City in path of two proposed highway corridors

The Guelph Tribune - Tue 11 Mar 2003 - Byline: Janet Baine

City officials are concerned that a new proposed multi-lane highway system for southern Ontario could see Guelph at the crossroads of two major new highways.

One new highway would potentially run in a horseshoe shape between Fort Erie and Peterborough, coming along the west side of the city, according to a map from the Central Ontario Smart Growth Panel, which looked at growth issues through to 2035.

A potential second highway would go from Guelph east towards the GTA (running just south of Highway 7) and would head north to Barrie.

Mississauga Mayor Hazel McCallion chairs the panel that came up with the idea. It was set up a year ago by the province, and no one from Guelph is on the panel, although city staff have been aware of the process.

"It looks to me as if that would just drive sprawl," Mayor Karen Farbridge said of the proposed highways, which are described as "economic corridors" in the Smart Growth panel report.

Farbridge said it seems to be "extremely contradictory" for the Smart Growth panel to propose new highways that could exacerbate the development issues faced in Guelph and other municipalities.

She noted that Burlington and Oakville, which would be bypassed by the proposal, can more easily make their viewpoints known on such matters, as they are closer to Toronto.

Brantford, Cambridge and Guelph "are at a tremendous disadvantage" in participating in this sort of process. "We'll have to put more effort into that," Farbridge said at Monday's meeting of the city's planning, environment and transportation (PET) committee.

The city has until March 21 to comment on this report, which was presented at a public meeting last week in Waterloo.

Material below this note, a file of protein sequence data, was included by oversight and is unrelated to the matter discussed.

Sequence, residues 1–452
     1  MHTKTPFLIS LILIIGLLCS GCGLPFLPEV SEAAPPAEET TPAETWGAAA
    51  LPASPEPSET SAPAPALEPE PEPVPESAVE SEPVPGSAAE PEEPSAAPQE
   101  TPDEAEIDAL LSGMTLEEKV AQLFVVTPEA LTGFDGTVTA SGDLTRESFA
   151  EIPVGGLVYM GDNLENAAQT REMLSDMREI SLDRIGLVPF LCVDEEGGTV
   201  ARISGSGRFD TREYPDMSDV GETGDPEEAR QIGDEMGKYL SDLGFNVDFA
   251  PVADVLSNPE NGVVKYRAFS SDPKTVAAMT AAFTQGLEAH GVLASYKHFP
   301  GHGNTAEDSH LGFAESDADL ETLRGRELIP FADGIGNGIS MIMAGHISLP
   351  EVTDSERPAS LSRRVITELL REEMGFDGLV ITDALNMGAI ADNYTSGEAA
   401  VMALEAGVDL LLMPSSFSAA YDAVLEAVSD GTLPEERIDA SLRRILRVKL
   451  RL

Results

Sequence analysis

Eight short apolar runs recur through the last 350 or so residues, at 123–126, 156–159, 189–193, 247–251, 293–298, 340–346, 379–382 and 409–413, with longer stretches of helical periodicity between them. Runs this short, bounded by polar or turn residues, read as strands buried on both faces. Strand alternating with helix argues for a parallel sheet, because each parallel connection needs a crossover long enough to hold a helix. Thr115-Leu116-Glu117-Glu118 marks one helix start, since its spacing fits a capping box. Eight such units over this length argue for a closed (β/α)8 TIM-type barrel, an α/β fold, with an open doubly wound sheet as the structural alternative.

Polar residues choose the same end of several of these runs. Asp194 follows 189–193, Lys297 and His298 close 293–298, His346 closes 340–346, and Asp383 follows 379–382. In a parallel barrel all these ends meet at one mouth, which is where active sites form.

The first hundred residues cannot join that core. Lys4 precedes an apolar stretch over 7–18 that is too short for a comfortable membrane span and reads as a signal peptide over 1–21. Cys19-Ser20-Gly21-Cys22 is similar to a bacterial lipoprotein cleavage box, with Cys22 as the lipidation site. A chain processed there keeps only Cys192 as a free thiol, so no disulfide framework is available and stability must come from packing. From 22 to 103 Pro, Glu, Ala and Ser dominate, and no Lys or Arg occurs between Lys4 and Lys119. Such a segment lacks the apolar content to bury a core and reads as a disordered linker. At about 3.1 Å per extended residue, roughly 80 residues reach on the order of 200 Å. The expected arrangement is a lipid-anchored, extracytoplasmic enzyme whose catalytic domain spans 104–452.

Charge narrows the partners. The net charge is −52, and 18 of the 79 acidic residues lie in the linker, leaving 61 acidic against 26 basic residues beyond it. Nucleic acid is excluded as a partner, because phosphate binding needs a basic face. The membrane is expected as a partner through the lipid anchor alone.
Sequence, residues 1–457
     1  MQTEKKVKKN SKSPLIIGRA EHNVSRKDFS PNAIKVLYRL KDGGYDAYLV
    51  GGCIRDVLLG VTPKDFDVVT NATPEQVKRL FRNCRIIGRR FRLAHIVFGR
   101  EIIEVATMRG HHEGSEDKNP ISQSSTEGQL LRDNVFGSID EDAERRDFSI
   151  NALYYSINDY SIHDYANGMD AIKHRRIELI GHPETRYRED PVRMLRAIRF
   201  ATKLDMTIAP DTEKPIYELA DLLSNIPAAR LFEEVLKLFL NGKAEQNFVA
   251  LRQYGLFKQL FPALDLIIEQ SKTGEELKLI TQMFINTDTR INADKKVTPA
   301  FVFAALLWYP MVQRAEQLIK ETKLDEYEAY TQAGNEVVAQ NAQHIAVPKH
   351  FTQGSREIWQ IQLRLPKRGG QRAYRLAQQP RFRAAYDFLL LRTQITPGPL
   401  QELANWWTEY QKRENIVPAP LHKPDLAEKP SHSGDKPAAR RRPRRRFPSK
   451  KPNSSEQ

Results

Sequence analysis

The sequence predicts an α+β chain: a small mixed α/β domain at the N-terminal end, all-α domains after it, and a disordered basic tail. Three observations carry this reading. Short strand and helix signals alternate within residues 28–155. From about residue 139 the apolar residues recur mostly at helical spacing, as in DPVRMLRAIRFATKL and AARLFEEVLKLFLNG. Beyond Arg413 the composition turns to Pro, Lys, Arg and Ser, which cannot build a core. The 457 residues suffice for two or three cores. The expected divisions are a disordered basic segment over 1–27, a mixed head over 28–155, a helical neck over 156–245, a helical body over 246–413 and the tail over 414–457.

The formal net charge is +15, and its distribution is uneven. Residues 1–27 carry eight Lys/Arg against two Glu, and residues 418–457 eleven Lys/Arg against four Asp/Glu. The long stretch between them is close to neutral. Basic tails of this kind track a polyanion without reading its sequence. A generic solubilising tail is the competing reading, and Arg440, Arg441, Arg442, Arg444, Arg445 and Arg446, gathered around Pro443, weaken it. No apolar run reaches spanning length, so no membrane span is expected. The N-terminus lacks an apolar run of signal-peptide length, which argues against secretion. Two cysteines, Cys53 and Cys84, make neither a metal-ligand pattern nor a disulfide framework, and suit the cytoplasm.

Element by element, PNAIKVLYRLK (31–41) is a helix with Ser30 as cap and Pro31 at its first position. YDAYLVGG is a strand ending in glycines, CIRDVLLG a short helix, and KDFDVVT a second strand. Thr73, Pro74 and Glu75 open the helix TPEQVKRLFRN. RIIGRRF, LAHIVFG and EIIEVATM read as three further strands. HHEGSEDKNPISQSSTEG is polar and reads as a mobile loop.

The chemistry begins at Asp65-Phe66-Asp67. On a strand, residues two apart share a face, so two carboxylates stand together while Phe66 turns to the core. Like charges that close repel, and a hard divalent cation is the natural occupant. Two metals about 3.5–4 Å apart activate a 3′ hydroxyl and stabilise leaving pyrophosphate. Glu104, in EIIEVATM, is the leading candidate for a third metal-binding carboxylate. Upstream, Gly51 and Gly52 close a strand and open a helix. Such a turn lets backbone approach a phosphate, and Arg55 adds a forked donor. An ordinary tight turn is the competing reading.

City staff will write a report and make a presentation on the proposal at a special meeting of the PET committee on the issue to be held next Monday at 9:15 a.m. Other city councillors will be invited to attend.

Based on the committee's comments, staff will send comments to the panel to meet its March 21 deadline. The issue won't get to city council until April 7.

A second provincial initiative on transportation is also proposing a new highway through Guelph. The Ministry of Transportation is proposing a transportation corridor that would also go in a horseshoe, and it is about to create the terms of reference to begin an environmental assessment of the highway. The city has to provide input by March 19.

City staff will provide comments without taking their ideas to a committee or council, because there is no time.

"The province is managing these processes and may or may not understand that it takes weeks" for a municipal government to get the information, digest it, and take the information through committees and council in order to respond, said manager of policy planning Craig Manley. But he added things are still at the conceptual stage in a multi-year planning process.

He said the city will suggest that Guelph be informed and have the opportunity to participate in the process.

"I'm not sure what the impact will be. There is no question there will be pressure for development in Guelph," Manley said.

"You only have to look at the location of Guelph, and it is quite obvious that we're right in the middle of prime development, and this doesn't surprise me," said Coun. David Birtwistle. However, "it does surprise me that we haven't been brought into the folds of the discussion. But we're going to be forcing it," he said.

"I agree with most of what has been said, but I'm a little hesitant to jump up and down and get excited about this," said Coun. Marilyn Shapka, adding she is not afraid of Guelph losing its identity


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